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Sigma-1 receptor expression in sensory neurons and the effect of painful peripheral nerve injury
Molecular Pain volume 9, Article number: 47 (2013)
The sigma-1 receptor (σ1R), an endoplasmic reticulum chaperone protein, is widely distributed and regulates numerous intracellular processes in neurons. Nerve injury alters the structure and function of axotomized dorsal root ganglion (DRG) neurons, contributing to the development of pain. The σ1R is enriched in the spinal cord and modulates pain after peripheral nerve injury. However, σ1R expression in the DRG has not been studied. We therefore characterized σ1R expression in DRGs at baseline and following spinal nerve ligation (SNL) in rats.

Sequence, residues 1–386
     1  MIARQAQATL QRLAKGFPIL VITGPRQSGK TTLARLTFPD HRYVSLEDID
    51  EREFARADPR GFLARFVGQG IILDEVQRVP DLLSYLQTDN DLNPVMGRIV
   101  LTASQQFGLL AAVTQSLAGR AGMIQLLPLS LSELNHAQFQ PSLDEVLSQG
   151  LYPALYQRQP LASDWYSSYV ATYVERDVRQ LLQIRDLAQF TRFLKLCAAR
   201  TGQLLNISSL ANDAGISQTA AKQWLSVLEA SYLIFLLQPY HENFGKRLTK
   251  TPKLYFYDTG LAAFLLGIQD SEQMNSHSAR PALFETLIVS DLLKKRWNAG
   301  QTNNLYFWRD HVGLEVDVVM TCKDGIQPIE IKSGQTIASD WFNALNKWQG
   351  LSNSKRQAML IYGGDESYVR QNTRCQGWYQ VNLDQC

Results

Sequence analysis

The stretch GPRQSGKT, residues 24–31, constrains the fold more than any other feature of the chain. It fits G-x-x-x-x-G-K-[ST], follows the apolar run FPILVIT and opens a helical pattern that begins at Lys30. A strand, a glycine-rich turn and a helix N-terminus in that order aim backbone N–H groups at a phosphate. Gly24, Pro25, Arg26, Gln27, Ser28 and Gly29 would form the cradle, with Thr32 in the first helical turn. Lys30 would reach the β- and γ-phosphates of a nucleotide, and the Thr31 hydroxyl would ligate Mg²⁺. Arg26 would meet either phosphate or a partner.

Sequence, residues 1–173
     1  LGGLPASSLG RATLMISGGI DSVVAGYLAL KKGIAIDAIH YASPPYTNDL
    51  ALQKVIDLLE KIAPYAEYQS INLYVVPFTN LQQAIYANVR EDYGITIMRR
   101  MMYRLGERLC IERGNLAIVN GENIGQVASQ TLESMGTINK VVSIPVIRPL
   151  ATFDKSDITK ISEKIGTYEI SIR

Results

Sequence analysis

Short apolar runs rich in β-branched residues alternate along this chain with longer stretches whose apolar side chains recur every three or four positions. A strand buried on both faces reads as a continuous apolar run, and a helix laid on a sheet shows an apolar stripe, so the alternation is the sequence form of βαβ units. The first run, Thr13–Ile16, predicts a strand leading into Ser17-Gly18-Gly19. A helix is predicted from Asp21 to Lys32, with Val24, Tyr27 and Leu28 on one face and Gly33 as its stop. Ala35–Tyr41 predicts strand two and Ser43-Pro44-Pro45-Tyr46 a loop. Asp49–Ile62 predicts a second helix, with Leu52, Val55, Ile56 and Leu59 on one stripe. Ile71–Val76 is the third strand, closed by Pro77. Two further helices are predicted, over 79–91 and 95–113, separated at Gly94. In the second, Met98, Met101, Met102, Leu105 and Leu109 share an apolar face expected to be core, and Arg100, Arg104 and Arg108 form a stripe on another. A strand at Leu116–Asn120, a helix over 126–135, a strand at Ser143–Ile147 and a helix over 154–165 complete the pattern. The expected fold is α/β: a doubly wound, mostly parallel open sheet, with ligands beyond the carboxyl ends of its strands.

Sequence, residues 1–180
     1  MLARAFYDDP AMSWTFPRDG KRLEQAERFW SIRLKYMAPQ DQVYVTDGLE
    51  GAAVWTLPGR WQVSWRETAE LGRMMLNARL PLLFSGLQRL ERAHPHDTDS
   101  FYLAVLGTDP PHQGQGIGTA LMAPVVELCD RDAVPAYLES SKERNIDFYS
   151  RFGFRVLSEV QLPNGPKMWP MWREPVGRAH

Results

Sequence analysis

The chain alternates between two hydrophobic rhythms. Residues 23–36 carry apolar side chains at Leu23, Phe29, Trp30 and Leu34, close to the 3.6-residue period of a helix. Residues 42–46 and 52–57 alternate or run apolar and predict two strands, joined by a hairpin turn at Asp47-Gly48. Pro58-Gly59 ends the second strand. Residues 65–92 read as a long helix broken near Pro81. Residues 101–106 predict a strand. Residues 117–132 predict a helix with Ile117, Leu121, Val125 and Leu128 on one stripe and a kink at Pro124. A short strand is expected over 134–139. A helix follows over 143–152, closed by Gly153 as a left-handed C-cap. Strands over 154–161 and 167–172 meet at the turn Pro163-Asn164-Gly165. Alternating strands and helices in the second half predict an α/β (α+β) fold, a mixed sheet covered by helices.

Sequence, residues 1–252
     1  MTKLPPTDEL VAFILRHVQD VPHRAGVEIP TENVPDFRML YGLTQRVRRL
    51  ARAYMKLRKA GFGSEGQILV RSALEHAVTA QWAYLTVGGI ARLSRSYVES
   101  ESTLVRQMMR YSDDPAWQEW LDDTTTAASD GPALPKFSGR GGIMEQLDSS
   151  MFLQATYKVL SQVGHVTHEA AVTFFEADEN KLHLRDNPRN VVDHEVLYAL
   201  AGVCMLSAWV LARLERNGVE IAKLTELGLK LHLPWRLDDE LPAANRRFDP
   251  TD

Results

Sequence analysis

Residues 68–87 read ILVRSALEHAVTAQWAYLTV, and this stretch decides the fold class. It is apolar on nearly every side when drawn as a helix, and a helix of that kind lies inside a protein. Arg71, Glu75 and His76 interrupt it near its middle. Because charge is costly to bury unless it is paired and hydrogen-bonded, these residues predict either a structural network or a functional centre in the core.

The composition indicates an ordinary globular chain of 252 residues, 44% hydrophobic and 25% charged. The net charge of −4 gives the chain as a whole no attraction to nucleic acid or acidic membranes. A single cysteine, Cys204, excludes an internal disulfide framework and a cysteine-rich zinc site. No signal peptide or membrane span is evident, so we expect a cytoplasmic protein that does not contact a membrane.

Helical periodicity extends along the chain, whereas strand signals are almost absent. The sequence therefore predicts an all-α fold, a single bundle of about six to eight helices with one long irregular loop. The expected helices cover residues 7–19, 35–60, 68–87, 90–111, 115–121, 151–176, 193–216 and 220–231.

Immunohistochemical (IHC) studies in DRG sections show σ1R in both neuronal somata and satellite glial cells. The punctate distribution of σ1R in the neuronal cytoplasm suggests expression in the endoplasmic reticulum. When classified by neuronal size, large neurons (>1300 μm) showed higher levels of σ1R staining than other groups (700-1300 μm, <700 μm). Comparing σ1R expression in neuronal groups characterized by expression of calcitonin gene-related peptide (CGRP), isolectin-B4 (IB4) and neurofilament-200 (NF-200), we found σ1R expression in all three neuronal subpopulations, with highest levels of σ1R expression in the NF-200 group. After SNL, lysates from L5 DRGs that contains axotomized neurons showed decreased σ1R protein but unaffected transcript level, compared with Control DRGs. IHC images also showed decreased σ1R protein expression, in SNL L5 DRGs, and to a lesser extent in the neighboring SNL L4 DRGs. Neurons labeled by CGRP and NF-200 showed decreased σ1R expression in L5 and, to a lesser extent, L4 DRGs. In IB4-labeled neurons, σ1R expression decreased only in axotomized L5 DRGs. Satellite cells also showed decreased σ1R expression in L5 DRGs after SNL.